How to find trusted help: I totally understand the fear of having a “stranger” or even multiple “strangers” coming into your home or your parents home. My grandfather previously had his favorite watch, that he worked very hard to buy, stolen right out of his home while he was receiving care from a home care agency. I do believe there is a way to limit, if not completely extinguish the risk of anyone taking advantage or mistreating your loved one. Keep in mind – there is always a risk that something will happen to your loved one no matter if you hire a respite care provider or not. I like to think about home care in terms of opportunity cost. The opportunity to receive help and someone being there to keep your loved one safe outweighs the risk of something happening (which will be diminished when asking these questions). This will also give you more of an opportunity to take care of yourself and spend time working and making more money. I recommend asking the following questions about who will be coming into your home in order to give you peace of mind. Rest assured, there are people out there who will take wonderful care of your loved one.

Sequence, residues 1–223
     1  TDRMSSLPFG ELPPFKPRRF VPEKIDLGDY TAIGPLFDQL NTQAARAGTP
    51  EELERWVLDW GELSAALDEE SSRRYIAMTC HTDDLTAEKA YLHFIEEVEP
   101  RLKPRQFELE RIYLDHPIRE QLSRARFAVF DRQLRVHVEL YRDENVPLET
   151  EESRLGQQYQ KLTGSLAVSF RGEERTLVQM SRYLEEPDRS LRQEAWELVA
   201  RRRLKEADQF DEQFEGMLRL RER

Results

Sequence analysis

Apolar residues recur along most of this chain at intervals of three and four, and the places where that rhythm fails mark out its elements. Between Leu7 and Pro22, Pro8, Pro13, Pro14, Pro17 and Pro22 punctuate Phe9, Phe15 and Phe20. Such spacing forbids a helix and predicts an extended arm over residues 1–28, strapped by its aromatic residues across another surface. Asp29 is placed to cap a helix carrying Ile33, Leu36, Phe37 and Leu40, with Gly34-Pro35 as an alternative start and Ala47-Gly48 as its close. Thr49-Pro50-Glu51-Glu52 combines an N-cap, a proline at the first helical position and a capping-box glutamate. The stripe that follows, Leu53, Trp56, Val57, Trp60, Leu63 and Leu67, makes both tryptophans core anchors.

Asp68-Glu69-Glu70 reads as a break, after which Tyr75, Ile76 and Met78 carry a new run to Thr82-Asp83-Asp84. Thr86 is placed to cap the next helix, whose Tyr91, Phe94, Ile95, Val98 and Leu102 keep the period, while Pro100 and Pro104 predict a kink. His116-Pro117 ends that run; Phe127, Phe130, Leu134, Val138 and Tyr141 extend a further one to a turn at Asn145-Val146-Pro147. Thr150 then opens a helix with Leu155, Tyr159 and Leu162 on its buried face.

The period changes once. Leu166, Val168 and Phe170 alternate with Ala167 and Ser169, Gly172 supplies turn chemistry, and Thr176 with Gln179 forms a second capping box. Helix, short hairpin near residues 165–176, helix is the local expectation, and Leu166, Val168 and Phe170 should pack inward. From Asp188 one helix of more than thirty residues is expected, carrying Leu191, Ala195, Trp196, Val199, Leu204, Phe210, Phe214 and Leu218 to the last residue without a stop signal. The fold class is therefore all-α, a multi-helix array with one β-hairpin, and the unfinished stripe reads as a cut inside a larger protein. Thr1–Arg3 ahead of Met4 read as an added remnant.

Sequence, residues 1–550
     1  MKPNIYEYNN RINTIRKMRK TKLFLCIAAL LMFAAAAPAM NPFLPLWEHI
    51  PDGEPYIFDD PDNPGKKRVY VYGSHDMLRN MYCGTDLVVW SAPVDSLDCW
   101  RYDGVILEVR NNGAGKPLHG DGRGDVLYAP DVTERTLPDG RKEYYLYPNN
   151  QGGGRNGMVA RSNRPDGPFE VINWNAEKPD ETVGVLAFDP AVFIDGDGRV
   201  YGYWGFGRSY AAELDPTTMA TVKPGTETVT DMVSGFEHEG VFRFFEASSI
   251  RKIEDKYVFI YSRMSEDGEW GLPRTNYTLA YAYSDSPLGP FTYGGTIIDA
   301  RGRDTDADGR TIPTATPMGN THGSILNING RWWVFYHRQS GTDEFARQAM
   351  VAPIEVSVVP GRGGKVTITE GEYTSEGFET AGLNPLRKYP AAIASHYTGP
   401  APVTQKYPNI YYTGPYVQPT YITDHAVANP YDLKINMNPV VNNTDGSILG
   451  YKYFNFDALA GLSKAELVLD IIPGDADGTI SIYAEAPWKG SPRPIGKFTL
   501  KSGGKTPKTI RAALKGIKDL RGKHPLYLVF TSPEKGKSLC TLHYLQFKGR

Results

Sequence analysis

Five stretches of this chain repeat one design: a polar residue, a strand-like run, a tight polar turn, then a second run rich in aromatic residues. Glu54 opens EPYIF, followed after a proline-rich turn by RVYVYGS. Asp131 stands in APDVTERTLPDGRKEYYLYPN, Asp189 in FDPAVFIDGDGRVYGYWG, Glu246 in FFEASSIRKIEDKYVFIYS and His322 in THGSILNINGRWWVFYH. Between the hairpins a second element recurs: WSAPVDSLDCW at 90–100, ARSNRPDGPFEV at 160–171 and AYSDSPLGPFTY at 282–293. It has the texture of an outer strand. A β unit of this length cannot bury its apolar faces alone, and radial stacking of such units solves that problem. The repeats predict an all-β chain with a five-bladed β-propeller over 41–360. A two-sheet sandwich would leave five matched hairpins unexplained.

- Will there be only be one provider or multiple providers coming into the home? Consistency is important, especially if your loved one has memory deficits, a mental health disorder, or a behavioral disorder.
- How much training do you provide your employees? Could you please describe the training they go through? If you are concerned about training related to a specific diagnosis your loved one has, I encourage you to ask if providers undergo any training related to that condition. For example, if your loved one has Alzheimer’s Disease you should ask: Are your employees trained on how to work with people who have Alzheimer’s Disease? If so, what type of training do they receive? This is important because if the agency sends someone with no experience working with someone with Alzheimer’s Disease they may not know how to calm them if they become agitated and could escalate them instead. Please don’t think I’m saying this would absolutely happen! All I’m saying is if you ask the right questions you will have a higher chance of being paired with an employee who is more qualified, which will increase the chance of finding a good caregiver-patient match.